W3C home > Mailing lists > Public > public-media-capture@w3.org > November 2013

Re: Proposed new text for noaccess

From: Stefan Håkansson LK <stefan.lk.hakansson@ericsson.com>
Date: Tue, 5 Nov 2013 19:11:08 +0000
To: Jan-Ivar Bruaroey <jib@mozilla.com>, Eric Rescorla <ekr@rtfm.com>, "Harald Alvestrand" <harald@alvestrand.no>
CC: "Mandyam, Giridhar" <mandyam@quicinc.com>, Martin Thomson <martin.thomson@gmail.com>, "public-media-capture@w3.org" <public-media-capture@w3.org>
Message-ID: <1447FA0C20ED5147A1AA0EF02890A64B1C3D2B24@ESESSMB209.ericsson.se>
On 05/11/13 17:39, Jan-Ivar Bruaroey wrote:
> On 10/30/13 2:35 AM, Eric Rescorla wrote:
>> On Tue, Oct 29, 2013 at 10:04 PM, Harald Alvestrand
>> <harald@alvestrand.no <mailto:harald@alvestrand.no>> wrote:
>>     On 10/30/2013 01:14 AM, Mandyam, Giridhar wrote:
>>     > Referring back to Example 2
>>     (http://www.w3.org/TR/mediacapture-streams/#examples), in existing
>>     implementations the permissions UI is presented as soon as the gUM
>>     call is made.
>>     >
>>     > If I'm to understand you correctly, the permissions call would
>>     instead only be presented when when applyConstraints() is invoked
>>     on the VideoStreamTrack to change "noaccess".
>>     >
>>     > So the user opens up the webpage and gets to see a camera
>>     preview image initially.  But the application is blocked from
>>     invoking canvas.getContext('2d').drawImage() or
>>     canvas.getContext('2d').getImageData() at this point because the
>>     "noaccess" constraint has not been changed.
>>     >
>>     > What other operations need to be blocked until the 'noaccess'
>>     constraint is modified?
>>     According to what Martin said earlier, the call to
>>     canvas.getContext(....) would not be blocked, it would simply
>>     render black.
>>     This is one point that's critical to clarify in the description of the
>>     constraint, if this is what we want; the current text EKR proposed
>>     reads
>>     as if the operation is not permitted, preventing the scenario above.
>> I could live with either, but I think Martin is probably right to suggest
>> black,
> I agree as well, on black over blocking.
> At this point I'd like to re-iterate my suggestion from 9/6/13 12:20 PM
> to do the same for user-permissions. Modern browsers don't block on
> permission prompts, so neither should our API. What's the difference
> between 'noaccess' and a stream which the user has yet to grant access
> to? - In my mind, very little.
> In my mind, a 'noaccess' stream and a stream awaiting user-permissions
> are similar and could work the same:
>  1. getUserMedia returns quickly.
>  2. If the website shows the user a local view of their stream at all
>     (and many sites will not), the user sees either:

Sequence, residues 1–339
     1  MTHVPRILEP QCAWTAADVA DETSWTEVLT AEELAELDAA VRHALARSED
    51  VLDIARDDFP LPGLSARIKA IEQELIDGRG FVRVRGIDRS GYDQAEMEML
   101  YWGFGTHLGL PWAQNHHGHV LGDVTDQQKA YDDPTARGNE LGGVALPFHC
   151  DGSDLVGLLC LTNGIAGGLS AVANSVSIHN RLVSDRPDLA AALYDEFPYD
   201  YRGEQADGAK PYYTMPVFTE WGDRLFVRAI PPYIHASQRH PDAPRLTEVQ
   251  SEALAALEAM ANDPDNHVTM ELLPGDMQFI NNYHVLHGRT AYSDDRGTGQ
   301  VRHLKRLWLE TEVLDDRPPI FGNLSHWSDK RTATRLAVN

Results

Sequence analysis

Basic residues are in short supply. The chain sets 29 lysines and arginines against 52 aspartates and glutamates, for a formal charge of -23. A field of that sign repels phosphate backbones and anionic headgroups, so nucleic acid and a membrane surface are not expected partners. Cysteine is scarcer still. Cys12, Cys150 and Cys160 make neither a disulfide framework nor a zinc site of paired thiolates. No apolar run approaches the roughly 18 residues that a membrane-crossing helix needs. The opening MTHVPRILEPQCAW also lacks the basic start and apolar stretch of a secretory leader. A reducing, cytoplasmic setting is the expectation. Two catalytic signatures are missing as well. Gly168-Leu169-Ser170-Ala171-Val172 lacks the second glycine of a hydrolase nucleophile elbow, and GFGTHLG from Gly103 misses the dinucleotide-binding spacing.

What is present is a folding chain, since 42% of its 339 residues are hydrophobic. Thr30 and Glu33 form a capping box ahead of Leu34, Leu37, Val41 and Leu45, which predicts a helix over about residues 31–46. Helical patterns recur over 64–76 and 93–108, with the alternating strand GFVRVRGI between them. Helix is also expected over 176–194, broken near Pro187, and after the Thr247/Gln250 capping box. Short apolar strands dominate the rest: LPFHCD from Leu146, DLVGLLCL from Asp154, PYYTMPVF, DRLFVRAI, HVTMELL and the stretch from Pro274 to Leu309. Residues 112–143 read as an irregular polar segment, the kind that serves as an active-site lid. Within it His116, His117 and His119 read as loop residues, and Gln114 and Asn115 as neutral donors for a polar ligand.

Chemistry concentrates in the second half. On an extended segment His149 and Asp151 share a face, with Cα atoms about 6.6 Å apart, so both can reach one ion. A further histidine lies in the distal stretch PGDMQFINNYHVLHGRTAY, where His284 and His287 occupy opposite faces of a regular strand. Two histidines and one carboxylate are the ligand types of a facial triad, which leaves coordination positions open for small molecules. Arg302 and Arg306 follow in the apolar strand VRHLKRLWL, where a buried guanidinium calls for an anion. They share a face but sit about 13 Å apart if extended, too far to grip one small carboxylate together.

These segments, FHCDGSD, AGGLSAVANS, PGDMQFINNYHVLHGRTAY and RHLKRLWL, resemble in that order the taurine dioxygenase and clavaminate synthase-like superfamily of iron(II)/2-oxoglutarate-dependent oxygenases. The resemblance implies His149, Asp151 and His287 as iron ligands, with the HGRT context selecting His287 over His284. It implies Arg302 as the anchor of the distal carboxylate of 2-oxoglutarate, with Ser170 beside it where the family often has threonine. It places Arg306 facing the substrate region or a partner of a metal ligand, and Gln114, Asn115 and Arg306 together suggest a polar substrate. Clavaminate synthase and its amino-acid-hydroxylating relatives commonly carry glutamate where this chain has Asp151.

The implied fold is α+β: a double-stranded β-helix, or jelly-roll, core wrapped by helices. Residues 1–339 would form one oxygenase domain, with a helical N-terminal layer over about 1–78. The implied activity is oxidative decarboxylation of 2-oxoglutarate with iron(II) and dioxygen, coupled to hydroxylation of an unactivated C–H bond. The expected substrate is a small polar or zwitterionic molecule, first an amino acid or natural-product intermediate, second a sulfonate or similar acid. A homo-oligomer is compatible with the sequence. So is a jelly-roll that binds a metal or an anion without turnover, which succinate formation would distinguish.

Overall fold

>       * Black,
>       * Local video, with dimming or water mark or "Relax, not live!"
>         don't-show-me-this-again warning workflow,
>           o (or any other fancy way to communicate audio/video-muting,
>             as browsers are good at innovating UX)
>       * Local video,
>       * "Click to play?"

I don't really understand if there would be a difference in the consent 
dialogue if the app shows a local view or not - is "Click to play" the 
same dialogue on both cases?

>         And this would depend on /browser settings/ and user comfort
>         level (let browsers handle defaults here).
>  3. If stream is 'noaccess' then stay here. If app ever lifts
>     'noaccess', goto 4.
>  4. If browser ever returns that user-consent has been granted, then
>     unmute/promote stream to full access.

I sort of like this. If it also came with the info that also a 
"noaccess" MediaStream can be attached to a PeerConnection (but would 
never let any RTP packets, or only silence/black-RTP, go out on the net) 
it could be used to get the negotiation going immediately (since gUM 
returns quickly).

> A one-size wont fit all. I agree with Adam that some (like me) will balk
> at the browser turning on the camera light under any circumstance
> without consent (I don't trust bits, so don't force me to unplug my
> camera or put my tinfoil hat over it).
> It bothers me to hear 'noaccess' use-cases where the sole goal seems to
> be to affect the user's permission-dialog experience. Why would we trust
> web-sites with this? The browser is the best shepherd of the user's
> privacy UX experience - The more we decouple it and diversify here, the
> harder it becomes to socially engineer around.
> See my original post for other benefits:
>   * Synergy with over-constrained and mute/un-mute.
>   * Solves the double permission-dialog sucky UX.
>   * Speeds up call-setup in common cases (by not blocking on user).
>   * Simpler API, because the browser owns the permissions UX piece.
>     Better behaved/non-contorting apps.
> .: Jan-Ivar :.
>> -Ekr
>>     Surveillance is pervasive. Go Dark
Received on Tuesday, 5 November 2013 19:11:39 UTC

This archive was generated by hypermail 2.3.1 : Tuesday, 6 January 2015 21:24:43 UTC